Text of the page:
It sounds a little prescriptive. I think that when I make something it should accurately reflect whatever it is that I'm doing in that moment. Which is still making work, but there are subtleties. Where am I making work? How do I feel?

So you're not trying to break down a barrier between art and life as much you are trying to prove that there isn’t a barrier in the first place. How do you approach that musically? Are you trying to speak to something about the regular day to day life, the existence, the shifts in feelings? Are you trying to represent those changes through sound, or is it more natural than that?

The emotions are for sure part of it. This comes with music theory: I know if I put these chords in this specific order, it releases a certain series of chemicals in people's brains. That's the emotion that comes out of it. And it's this very detached relationship with music that I'm trying to get away from. In making all these songs, they're mostly one-takes. So I'm conditioning myself to play as I feel.


There’s another barrier that I want to prove doesn't exist. I learned this technique while working in sound design — you can just like deep-fake words. You just take syllables and move them around and if you do it correctly, it sounds like that's how they were spoken. So between the chords and my voice being deep-faked constantly, there isn't actually literal meaning in the music. Especially in Chinese, which is a monosyllabic language. It's actually just gibberish. You cannot understand anything. With that, even when I play these songs out as gibberish, people still have visceral emotional reactions to it. That indicates to me that the music has effectively imprinted whatever moment of emotion I had when I made it.

Musicians often like to say that it’s gratifying when their audience draws their own meaning from a song, independently of the artist. But is there a specific feeling that you want to impart with these songs? Do you want your listeners to solve the project?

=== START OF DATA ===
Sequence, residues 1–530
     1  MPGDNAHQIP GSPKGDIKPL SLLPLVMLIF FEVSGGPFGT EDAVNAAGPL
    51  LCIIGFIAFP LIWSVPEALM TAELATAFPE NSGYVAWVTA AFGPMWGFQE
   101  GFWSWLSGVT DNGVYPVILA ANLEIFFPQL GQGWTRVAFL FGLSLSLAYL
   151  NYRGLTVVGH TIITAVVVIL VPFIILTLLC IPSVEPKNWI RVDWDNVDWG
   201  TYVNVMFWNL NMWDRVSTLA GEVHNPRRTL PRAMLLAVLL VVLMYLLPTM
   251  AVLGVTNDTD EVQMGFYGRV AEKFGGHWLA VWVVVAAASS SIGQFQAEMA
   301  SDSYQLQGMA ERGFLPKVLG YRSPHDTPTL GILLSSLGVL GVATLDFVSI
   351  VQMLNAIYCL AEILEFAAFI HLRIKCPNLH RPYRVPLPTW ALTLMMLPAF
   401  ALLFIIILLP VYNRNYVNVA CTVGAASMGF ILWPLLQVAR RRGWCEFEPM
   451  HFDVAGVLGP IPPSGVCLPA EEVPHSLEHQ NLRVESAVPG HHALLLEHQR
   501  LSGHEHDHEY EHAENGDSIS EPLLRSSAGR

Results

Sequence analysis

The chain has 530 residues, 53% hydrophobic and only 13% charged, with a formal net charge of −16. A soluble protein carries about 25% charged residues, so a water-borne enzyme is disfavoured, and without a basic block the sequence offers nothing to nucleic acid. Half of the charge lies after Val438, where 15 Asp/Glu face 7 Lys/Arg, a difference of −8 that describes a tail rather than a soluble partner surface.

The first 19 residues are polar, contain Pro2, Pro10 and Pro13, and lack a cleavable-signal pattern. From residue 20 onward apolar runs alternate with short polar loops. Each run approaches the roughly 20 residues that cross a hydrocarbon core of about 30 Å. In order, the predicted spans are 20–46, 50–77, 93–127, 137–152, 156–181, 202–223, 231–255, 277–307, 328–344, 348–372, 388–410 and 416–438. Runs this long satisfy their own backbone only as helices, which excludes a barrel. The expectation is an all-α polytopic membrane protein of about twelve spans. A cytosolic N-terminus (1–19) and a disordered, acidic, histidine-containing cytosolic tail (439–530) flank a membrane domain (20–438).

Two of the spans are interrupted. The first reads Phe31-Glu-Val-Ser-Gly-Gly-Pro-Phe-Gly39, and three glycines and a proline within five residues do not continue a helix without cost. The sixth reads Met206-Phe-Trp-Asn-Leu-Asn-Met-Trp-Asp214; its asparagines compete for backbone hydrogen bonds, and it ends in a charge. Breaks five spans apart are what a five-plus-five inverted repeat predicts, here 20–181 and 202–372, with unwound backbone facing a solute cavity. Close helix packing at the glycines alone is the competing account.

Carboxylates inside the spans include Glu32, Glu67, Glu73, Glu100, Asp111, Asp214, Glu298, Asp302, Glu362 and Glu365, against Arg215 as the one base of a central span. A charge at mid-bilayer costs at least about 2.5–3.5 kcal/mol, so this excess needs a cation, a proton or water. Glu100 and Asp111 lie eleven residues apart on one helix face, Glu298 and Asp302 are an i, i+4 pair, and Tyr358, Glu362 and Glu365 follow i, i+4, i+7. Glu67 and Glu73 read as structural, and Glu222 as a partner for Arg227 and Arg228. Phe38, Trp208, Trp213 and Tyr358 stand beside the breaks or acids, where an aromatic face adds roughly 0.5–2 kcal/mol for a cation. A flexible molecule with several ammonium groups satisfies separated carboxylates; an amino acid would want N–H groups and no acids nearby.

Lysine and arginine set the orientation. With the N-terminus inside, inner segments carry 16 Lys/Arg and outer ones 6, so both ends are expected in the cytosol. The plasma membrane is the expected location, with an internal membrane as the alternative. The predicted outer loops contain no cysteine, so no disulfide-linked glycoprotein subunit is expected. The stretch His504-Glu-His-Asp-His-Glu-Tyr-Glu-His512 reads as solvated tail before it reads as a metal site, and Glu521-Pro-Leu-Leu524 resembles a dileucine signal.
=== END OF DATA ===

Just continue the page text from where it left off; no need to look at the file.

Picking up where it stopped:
Yeah, I mean, profound despair. I love that shit, for sure. But also revelation as an emotional thing. I still want people to take away what they feel about it — but not so much. Maybe like 70% what I want them to feel.

There is a contrast between more intentionally abrasive sounds and then some really lush ambient sounds. What are you trying to create through that contrast, in terms of sharing a specific emotion with the listener?

There is a formal characteristic — I wanted just to remove people from the experience of listening to the album a little bit. This is the first time I've done something that's divided into different tracks instead of just one continuous thing. So I felt like I should really take advantage of the ability to make someone look at their phone [to ask] what is happening.


Trying to pull people out of the experience of listening — that’s the opposite of what most people intend. People usually want to be immersive, but you’re trying to pull them out of the experience a bit.

I don't know if it's just me or how I listen to music, but recently the music that I've enjoyed the most is the music that I've found really particularly suited for the environment that it's being presented in. If I'm playing something off of my phone and the phone can't do bass, and it's sitting in some part of the other part of the room, and it's mixing with the environment around me correctly — I’ve really enjoyed music in that way. Not in just like this isolated, headphones way. I think this is somehow related to. I've started to think that music is not so objectively tied to like the song file itself or the information that the musician has made.

This might be why musicians say that they want listeners to have their own takes on music, because they can't control situation. When it’s put in through any different speaker and through any different technological mediums, it changes fundamentally what is being heard. So I think to remove someone from listening to the music might actually be to my advantage of immersing them in the long run. Then they might have to readjust the volume or move to a different spot or something.

This is a multidisciplinary project, and the “theses” that come with the album are out of order and you use different languages. Is that another attempt to drop people in and out?

I think that this disjointed inability to follow along is more realistic and more how I experience the world than a one-to-one ratio, a linear reading, could possibly give.


Breaking down that barrier between art and life — here it’s about art being as chaotic as life.

Yeah. And if it were up to me, Music for Self Esteem would be presented as multiple screens like popping out of random places in people's homes, something like that.

Get lost in bod [包家巷]’s sprawling Music for Self-Esteem